song, and he doesn’t seem to put much effort into rhyming his lyrics. The song sounds drained,
and the singer sounds unmotivated, almost as if someone is forcing him to keep going. This
sense of exhaustion adds depth to the sense of passivity in the face of environmental and social
havoc that was established early in the lyrics. Chernobyl gave Bowie a glimpse of the
apocalypse, and he did not see it as worthy of any sort of grand anthem.
The fourth verse specifies the concept of technological development and its costs as the
perspective shifts to an innocent civilian caught up in the destruction of this nuclear accident.
When he describes a “talented child that came to live in our town”, he is likely referring to a
scientist that came to work on the plant. The next few lines, “We never bothered to scream as
your mask went on, we only smelt the gas as we laid down to sleep” suggest that the citizens
were the ones who suffered the most by blindly putting their trust into the scientists, while the
scientists protected only themselves.
The chorus, which takes up essentially the rest of the song, continues to describe the
destruction that was predicated by Chernobyl with an air of indifference. Bowie describes all the
horrors we will experience if things don’t change, but he gives no solution or alternative. He
seems certain that bloody streets, shrinking feet, eyes falling out and dry mouths are all in our
near future if the 21st century doesn’t “lose”. This idea of the 21st century losing could mean a
variety of things, but here, it seems like he is associating this time period with the impact of
greed driven factors like warfare and technological development that led to the Chernobyl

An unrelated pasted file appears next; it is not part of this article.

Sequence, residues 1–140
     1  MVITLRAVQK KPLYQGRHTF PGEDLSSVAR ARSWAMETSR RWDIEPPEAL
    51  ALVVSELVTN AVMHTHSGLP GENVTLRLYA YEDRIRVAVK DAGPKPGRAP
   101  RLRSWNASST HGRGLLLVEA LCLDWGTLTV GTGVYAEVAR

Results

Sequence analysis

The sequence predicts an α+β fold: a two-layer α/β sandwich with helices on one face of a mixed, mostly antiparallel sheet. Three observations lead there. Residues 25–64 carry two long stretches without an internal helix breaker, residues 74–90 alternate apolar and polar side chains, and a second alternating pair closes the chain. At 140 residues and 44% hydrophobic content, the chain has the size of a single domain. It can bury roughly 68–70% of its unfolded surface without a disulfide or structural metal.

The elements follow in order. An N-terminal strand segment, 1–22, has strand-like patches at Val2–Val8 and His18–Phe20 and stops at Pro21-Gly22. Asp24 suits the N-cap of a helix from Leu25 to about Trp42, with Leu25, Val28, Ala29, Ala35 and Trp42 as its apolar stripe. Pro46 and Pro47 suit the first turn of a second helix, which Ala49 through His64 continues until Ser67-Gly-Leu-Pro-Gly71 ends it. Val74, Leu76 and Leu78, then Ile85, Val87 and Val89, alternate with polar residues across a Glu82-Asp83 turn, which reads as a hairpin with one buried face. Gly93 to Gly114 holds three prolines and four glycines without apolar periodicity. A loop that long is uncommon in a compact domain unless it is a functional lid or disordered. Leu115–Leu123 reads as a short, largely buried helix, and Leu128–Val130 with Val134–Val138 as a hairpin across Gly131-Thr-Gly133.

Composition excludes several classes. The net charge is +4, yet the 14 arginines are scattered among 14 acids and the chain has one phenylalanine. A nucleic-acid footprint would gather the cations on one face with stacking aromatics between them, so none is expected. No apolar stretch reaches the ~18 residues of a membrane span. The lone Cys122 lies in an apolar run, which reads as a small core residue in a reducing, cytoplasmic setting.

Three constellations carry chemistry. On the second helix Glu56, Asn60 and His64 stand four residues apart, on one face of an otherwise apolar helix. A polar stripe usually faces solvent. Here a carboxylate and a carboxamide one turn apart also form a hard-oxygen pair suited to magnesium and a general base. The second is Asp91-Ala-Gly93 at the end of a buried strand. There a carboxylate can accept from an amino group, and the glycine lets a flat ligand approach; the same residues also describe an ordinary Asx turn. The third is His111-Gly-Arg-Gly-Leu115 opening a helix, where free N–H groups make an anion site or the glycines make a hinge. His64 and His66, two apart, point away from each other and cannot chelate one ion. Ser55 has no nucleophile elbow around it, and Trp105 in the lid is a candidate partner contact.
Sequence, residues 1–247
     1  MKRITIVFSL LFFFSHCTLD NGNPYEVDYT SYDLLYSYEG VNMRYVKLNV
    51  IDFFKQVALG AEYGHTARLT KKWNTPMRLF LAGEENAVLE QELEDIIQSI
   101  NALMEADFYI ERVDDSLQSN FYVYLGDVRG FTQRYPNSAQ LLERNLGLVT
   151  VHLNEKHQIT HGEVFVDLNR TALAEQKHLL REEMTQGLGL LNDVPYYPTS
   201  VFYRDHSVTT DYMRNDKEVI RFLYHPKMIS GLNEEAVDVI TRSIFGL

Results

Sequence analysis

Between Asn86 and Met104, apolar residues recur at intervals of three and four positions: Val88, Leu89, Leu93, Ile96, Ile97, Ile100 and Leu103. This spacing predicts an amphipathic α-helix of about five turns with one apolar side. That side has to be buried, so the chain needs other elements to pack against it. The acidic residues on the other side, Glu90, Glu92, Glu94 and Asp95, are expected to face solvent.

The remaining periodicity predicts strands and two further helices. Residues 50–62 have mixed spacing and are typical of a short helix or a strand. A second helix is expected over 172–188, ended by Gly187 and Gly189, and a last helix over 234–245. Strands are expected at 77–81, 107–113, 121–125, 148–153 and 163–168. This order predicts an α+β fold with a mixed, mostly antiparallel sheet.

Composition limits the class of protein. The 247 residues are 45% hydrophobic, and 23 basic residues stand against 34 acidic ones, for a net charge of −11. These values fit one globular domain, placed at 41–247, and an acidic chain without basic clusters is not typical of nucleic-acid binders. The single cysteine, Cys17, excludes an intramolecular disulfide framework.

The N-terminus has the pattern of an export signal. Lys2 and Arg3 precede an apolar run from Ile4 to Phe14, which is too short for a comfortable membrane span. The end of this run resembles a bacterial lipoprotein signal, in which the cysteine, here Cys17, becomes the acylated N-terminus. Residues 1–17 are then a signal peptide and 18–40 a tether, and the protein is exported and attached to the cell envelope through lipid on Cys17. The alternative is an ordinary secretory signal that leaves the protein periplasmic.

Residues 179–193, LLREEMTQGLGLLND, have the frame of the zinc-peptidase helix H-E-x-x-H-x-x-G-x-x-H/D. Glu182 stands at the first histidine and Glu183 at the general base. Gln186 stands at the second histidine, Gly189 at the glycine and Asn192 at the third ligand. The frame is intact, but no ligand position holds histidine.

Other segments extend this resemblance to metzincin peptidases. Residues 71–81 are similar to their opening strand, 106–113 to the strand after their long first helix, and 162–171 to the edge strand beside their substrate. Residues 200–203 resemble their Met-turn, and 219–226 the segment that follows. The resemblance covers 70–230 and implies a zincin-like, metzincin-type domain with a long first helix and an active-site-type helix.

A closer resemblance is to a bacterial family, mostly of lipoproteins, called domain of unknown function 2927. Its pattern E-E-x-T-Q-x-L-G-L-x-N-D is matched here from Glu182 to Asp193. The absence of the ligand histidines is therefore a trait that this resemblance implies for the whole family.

incident. It seems like Bowie believes that these factors will only grow in magnitude throughout
the coming century. The repeated phrase “til the 21st century lose” reminds the listener that the
only way to end the horrors he describes is to eliminate the modern values of greed and hate that
predicate aimlessly destructive wars.
Appendix:
Lyrics:
I’ve never sailed on a sea
I would not challenge a giant
I could not take on the church
Time will crawl
Till the 21st century lose
I know a government man
He was as blind as the moon
He saw the sun in the night
He took a top-gun pilot
He made him fly through a hole
Till he grew real old
And he never came down
He just flew till he burst
You were a talented child
You came to live in our town
We never bothered to scream
When your mask went on
We only smelt the gas
As we laid down to sleep
Time will crawl and our heads bowed down
Time will crawl and our eyes fall out
Time will crawl and the streets run red
Time will crawl til the 21st century lose
Time will crawl and our mouths run dry
Time will crawl and our feet grow small
Time will crawl and our tails fall off
Time will crawl till our mouths run dry Time will crawl til the 21st century lose
Time will crawl till our feet grow small
Time will crawl till our tails fall off
Time will crawl and our heads bowed down
Time will crawl till the 21st century lose Time will crawl and our eyes fall out
Time will crawl and the streets run red
I saw a black black stream
Time will crawl til the 21st century lose
Full of white eyed fish
And a drowning man
For the crazy child
With no eyes at all
We’ll give every life
I felt a warm warm breeze
For the crackpot notion
That melted metal and steel
I got a bad migraine
That lasted three long years
And the pills that I took
Made my fingers disappear
Works Cited:
Gosztola, Kevin. “The Protest Songs Of David Bowie.” MintPress News, 13 Jan. 2016,
www.mintpressnews.com/212665-2/212665/.
Mulvey, Stephen. “Europe | The Chernobyl Nightmare Revisited.” BBC News, BBC, 18 Apr.
2006, news.bbc.co.uk/2/hi/europe/4918742.stm.
“Chernobyl: the True Scale of the Accident.” World Health Organization, World Health
Organization, 27 Dec. 2018, www.who.int/mediacentre/news/releases/2005/pr38/en/index1.html.
Pegg, Nicholas. The Complete David Bowie. Titan Books, 2011.
Bourguignon, Didier. “European Parliament / Think Tank.” Chernobyl 30 Years on:
Environmental and Health Effects - Think Tank,
www.europarl.europa.eu/thinktank/en/document.html?reference=EPRS_BRI(2016)581972.